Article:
In a landmark statement, the President of the Supreme Court of Israel, Dorit Beinisch, has rejected unequivocally any comparison between Israel’s policies and the Apartheid regime of South Africa. Such a comparison is “improper… extreme and radical… [and] there is no basis of raising it at all”.

Justice Dorit Beinisch

Justice Dorit Beinisch

Beinisch made this official statement in her ruling this week against the Israeli Army’s decision to close a road for Palestinian vehicles, for security reasons. The Israeli Supreme Court, which enjoys a high reputation among its peers in the democratic world, has ruled many times against the army and other state organs. But this seems to be the first time Beinisch adds her voice to the “Apartheid debate” and in such a clear way.

Closing roads for Palestinian vehicles in the West Bank is one of the main issues raised by those who call Israel an “Apartheid state”. For them, such an act is segregation, and segregation means Apartheid.

In her ruling, Beinisch denounced categorically the comparison between the former South African regime and the State of Israel. She reminded the petitioners in the case that Palestinian terrorists attacked vehicles driving the relevant road numerous times, and that many civilians have lost their lives in that way. In any case, she said, the army’s decision was motivated by security concerns and not by racial superiority.

A synopsis of the ruling is available in English but the full ruling is available for now only in Hebrew. Here is my translation of the paragraph Beinisch wrote about Apartheid:

“Even if we take into account that an all-out separation between populations using the roads is an extreme and unwanted outcome, we should be careful and restrained when using definitions that refer to security measures – adopted in order to protect persons travelling on the roads – as segregation, based on improper reasons of race and ethnicity.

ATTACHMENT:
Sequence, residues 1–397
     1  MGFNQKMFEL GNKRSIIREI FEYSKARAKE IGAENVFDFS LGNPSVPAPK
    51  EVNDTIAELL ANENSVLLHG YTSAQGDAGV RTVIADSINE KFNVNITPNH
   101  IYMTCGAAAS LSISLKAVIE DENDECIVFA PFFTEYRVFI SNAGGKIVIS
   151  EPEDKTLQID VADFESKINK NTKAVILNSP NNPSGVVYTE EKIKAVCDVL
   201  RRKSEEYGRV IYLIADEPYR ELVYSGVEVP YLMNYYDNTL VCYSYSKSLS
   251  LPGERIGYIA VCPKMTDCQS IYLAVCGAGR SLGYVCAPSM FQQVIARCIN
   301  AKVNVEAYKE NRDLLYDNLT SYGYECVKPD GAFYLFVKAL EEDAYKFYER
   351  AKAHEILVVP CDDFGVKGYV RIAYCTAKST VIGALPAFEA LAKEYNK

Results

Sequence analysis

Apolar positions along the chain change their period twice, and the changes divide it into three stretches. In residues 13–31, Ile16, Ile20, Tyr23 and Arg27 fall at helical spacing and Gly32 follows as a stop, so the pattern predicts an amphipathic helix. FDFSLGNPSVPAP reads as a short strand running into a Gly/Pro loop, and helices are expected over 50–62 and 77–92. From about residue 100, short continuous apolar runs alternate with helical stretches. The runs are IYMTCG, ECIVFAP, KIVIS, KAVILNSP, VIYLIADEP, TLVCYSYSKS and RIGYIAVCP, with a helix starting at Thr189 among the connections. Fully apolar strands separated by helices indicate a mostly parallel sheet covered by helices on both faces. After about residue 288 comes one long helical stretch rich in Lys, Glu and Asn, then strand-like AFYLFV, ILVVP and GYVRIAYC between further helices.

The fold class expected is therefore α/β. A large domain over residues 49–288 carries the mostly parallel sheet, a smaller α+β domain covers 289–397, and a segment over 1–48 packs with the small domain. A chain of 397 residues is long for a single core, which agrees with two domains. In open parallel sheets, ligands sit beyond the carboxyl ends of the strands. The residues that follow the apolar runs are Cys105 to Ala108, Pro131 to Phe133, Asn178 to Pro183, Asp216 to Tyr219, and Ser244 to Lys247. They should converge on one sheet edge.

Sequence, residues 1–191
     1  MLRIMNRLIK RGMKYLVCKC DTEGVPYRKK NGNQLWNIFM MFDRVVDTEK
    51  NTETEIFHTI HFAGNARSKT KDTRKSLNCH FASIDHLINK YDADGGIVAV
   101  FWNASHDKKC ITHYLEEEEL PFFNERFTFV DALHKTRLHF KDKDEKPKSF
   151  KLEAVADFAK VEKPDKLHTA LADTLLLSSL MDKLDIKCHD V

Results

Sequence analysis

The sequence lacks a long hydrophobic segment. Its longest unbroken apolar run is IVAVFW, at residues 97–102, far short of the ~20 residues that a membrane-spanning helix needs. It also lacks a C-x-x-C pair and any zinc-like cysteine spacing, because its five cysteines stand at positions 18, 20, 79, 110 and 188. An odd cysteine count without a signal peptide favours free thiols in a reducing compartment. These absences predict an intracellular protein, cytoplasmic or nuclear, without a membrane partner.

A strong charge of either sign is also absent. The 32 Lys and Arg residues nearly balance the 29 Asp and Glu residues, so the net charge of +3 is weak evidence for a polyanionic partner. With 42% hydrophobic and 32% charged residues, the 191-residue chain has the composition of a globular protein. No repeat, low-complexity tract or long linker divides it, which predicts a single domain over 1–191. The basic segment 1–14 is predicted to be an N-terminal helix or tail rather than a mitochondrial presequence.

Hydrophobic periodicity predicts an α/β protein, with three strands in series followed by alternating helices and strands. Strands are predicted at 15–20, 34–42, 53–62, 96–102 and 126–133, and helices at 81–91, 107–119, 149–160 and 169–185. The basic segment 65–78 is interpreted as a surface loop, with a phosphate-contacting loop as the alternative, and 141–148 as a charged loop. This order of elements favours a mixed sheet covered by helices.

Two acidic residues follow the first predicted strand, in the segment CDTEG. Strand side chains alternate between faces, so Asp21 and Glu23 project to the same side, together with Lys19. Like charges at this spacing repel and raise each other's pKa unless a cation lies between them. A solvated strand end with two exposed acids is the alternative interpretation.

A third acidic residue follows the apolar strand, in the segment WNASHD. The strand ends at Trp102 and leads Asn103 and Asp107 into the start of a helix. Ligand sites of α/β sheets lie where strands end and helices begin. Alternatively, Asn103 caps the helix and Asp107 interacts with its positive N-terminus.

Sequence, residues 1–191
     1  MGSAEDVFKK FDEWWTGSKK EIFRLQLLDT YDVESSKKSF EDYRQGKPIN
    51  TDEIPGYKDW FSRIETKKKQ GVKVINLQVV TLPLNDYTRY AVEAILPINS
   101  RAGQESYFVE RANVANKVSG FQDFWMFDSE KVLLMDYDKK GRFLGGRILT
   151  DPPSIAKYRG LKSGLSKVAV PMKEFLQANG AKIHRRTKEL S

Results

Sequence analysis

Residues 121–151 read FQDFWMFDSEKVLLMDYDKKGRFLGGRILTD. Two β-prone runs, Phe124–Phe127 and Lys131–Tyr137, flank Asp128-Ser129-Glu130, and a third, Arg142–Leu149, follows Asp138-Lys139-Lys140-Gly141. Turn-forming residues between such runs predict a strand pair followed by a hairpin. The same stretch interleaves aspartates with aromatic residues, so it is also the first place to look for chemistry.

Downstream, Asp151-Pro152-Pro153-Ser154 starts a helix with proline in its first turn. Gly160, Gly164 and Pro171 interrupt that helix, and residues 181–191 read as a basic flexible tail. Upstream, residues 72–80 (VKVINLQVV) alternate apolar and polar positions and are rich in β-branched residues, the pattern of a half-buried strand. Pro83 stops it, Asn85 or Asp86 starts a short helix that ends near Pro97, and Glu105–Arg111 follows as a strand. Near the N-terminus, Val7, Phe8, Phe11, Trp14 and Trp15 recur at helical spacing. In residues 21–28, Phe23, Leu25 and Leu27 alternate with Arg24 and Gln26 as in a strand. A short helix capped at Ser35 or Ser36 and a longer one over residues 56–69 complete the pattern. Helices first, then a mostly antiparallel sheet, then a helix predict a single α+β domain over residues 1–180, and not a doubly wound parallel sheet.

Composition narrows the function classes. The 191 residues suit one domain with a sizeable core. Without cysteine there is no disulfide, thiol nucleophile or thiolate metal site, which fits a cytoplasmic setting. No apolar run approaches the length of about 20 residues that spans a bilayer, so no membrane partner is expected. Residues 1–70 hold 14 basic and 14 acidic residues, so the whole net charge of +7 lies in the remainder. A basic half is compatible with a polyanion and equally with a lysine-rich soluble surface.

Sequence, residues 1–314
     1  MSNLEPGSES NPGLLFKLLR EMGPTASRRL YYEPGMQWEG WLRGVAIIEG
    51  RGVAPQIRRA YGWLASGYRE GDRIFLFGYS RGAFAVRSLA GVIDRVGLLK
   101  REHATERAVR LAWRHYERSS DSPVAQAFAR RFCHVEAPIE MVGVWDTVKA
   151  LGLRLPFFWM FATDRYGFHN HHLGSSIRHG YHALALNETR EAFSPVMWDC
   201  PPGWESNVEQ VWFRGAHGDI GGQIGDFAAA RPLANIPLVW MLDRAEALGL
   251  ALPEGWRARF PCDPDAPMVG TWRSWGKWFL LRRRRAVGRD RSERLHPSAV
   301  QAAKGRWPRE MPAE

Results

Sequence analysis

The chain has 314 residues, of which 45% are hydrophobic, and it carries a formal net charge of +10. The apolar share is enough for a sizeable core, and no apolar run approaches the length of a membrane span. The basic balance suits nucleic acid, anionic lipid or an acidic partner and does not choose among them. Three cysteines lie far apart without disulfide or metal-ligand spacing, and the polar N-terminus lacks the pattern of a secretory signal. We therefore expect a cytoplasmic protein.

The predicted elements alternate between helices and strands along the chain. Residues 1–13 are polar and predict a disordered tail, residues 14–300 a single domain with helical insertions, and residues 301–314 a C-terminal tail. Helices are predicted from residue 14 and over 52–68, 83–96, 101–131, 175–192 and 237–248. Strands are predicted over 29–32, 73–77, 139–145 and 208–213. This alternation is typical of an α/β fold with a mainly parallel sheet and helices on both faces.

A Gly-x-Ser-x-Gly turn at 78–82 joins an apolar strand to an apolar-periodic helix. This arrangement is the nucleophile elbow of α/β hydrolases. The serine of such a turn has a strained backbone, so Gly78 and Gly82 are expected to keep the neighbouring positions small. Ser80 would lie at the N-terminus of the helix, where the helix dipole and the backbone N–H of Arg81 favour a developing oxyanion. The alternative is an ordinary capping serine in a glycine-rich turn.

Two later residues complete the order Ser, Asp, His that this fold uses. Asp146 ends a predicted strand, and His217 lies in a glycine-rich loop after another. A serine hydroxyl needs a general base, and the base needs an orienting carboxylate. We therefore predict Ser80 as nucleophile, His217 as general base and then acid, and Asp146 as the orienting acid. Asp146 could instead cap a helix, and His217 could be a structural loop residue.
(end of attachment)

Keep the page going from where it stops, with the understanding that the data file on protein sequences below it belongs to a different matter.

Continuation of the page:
“The comparison made by the petitioners between the use of different roads because of security reasons, and the Apartheid policy of South Africa, is improper.

“The Apartheid policy is a very grave crime. It contradicts the basic principles of the Israeli law, as well as the international human rights law and the international criminal law. It is a policy of racial segregation and discrimination, consisting of a range of discriminatory practices, in order to create supremacy of one race and to subjugate other races.

The stark contrast between the security measures taken by the State of Israel as protection from terror attacks, and the unacceptable practices of the Apartheid policy, demands avoiding any comparison or use of this harsh expression (underlining is mine, A.S.).

“Not every distinction between people, in all circumstances, is necessarily an improper discrimination, and not every improper discrimination is Apartheid. The use of the word Apartheid lessens the gravity of this crime, which the entire international community fought against and which we all condemn.

“Therefore, the comparison made by the petitioners between preventing the traffic of Palestinian inhabitants along road 443 and the crime of Apartheid was so extreme and radical that there was no basis for raising it at all”.